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A submarine is a watercraft capable of independent operation below the surface of the water. It differs from a submersible, which has only limited underwater capability. The term submarine most commonly refers to large crewed autonomous vessels; however, historically or more casually, submarine can also refer to medium sized or smaller vessels.

Because of the particular challenges of the living conditions (eg lack of privacy, overcrowding) psychologists have been involved in research into their use, the selection of crew etc.

Crew

A typical nuclear submarine has a crew of over 80. Non-nuclear boats typically have fewer than half as many. The conditions on a submarine can be difficult because crew members must work in isolation for long periods of time, without family contact. Submarines normally maintain radio silence to avoid detection. Operating a submarine is dangerous, even in peacetime, and submarines have been lost in accidents.

Women as part of crew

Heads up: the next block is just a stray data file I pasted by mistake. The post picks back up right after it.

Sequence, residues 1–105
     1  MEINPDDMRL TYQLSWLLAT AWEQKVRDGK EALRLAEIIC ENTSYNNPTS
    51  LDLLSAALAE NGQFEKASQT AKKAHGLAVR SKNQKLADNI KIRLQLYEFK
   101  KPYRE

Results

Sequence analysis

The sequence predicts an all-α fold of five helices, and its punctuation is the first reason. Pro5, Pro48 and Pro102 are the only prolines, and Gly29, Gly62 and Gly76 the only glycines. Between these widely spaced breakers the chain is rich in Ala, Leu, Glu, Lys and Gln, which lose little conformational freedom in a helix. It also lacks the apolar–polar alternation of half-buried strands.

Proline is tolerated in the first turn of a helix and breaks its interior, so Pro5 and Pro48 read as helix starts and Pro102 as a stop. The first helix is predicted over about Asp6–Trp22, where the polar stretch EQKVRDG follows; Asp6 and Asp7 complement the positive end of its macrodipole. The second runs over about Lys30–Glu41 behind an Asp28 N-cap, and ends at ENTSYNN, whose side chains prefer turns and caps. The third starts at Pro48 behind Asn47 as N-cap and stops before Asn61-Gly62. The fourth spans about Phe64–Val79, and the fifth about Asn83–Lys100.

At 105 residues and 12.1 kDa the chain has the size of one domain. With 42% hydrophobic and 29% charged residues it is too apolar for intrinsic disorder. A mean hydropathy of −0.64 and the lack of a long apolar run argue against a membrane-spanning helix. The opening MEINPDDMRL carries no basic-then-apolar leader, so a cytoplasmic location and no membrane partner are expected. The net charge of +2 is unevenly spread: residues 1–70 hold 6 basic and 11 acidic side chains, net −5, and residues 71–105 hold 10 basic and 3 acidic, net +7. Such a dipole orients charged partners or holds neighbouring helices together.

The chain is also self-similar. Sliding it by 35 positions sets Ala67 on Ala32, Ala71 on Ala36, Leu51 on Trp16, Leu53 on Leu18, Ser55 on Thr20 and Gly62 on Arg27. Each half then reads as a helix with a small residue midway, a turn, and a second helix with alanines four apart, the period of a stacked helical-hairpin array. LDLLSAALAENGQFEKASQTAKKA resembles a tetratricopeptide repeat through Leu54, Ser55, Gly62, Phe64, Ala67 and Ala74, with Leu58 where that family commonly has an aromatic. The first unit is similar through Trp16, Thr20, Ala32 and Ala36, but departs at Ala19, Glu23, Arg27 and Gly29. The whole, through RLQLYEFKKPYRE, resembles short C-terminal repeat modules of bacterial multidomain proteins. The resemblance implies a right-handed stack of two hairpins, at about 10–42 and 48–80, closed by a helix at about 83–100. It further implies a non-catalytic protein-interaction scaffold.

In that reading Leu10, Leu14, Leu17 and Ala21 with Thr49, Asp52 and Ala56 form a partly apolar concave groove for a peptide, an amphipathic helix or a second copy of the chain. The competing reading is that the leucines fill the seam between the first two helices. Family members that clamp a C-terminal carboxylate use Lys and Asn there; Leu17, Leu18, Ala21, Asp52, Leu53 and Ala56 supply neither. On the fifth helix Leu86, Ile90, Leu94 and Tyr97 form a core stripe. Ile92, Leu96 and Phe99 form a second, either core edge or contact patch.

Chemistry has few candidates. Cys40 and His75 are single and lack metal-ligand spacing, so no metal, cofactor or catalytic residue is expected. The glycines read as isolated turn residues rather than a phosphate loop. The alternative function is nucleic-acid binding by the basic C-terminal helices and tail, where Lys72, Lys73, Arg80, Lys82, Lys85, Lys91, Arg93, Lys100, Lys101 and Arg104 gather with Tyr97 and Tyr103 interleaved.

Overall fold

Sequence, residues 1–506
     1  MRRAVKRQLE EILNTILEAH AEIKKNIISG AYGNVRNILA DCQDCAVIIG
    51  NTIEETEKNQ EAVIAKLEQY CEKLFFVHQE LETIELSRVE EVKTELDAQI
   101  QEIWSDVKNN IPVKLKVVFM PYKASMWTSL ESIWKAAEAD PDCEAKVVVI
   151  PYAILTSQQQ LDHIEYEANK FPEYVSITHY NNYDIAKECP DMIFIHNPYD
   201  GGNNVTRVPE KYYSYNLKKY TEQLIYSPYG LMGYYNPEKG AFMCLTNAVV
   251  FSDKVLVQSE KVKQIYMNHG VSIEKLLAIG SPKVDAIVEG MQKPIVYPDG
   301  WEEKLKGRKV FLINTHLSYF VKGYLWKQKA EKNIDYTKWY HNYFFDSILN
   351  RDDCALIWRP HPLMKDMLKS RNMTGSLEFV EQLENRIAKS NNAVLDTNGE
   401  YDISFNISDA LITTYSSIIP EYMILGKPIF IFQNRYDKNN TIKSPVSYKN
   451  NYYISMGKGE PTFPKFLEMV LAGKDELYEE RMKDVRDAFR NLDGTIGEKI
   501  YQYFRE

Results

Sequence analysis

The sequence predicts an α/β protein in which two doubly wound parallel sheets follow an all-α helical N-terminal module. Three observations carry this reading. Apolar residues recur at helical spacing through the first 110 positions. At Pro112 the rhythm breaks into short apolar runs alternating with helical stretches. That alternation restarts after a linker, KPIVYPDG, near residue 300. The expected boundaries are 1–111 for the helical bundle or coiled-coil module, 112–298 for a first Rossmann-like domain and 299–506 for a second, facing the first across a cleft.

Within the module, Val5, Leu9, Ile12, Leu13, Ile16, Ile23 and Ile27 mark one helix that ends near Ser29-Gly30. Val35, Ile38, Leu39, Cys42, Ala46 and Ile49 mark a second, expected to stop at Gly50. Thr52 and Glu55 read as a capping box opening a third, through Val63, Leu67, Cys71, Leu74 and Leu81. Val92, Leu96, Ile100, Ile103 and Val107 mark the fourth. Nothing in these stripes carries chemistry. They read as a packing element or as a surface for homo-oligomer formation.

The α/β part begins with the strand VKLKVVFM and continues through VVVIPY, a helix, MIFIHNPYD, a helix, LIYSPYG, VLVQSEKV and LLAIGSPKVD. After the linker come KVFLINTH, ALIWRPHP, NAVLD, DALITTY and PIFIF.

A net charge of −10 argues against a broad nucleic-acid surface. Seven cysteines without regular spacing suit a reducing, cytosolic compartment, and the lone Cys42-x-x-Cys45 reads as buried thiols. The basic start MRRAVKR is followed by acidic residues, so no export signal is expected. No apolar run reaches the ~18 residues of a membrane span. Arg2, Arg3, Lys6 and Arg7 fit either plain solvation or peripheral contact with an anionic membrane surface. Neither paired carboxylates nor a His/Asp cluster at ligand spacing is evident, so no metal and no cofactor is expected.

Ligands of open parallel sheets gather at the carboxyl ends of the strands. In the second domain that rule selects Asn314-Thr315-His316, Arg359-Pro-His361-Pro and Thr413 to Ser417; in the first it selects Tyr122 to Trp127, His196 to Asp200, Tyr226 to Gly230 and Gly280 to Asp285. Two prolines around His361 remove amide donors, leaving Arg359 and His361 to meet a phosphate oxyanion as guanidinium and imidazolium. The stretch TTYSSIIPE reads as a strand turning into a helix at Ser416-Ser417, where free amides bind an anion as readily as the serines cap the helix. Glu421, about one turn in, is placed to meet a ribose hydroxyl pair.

Most navies prohibited women from serving on submarines, even after they had been permitted to serve on surface warships. The Royal Norwegian Navy became the first navy to allow female crew on its submarines in 1985. The Royal Danish Navy allowed for female submariners in 1988.[1] Others followed suit including the Swedish Navy (1989),[2] the Royal Australian Navy (1998) and Canadian Navy (2002). In 1995, Solveig Krey of the Royal Norwegian Navy became the first female officer to assume command on a military submarine, HNoMS Kobben.[3]

The British Royal Navy also does not permit women to serve on its submarines because of "medical concerns for the safety of the foetus and hence its mother" due to the potentially compromised air quality onboard submarines.[4]

Women have served on U.S. Navy surface ships since 1993 but do not serve on submarines. The Navy only allows three exceptions for women being on board military submarines: Female civilian technicians for a few days at most; Women midshipmen on an overnight during summer training for both Navy ROTC and Naval Academy; Family members for one-day dependent cruises.[5]

Both the U.S. and British navies operate nuclear-powered submarines which deploy for periods of six months or longer, whereas other navies which permit women on submarines operate conventionally powered submarines, which deploy for much shorter periods, usually only for one or two months.[6] No nation using nuclear submarines currently permits women to serve onboard them.[7] Removing the ban in the U.S. Navy has been put to congressional lawmakers by Joint Chiefs Chairman Adm. Michael Mullen, following a review by Navy Secretary Ray Mabus and Chief of Naval Operations Adm. Gary Roughead.[8]

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References

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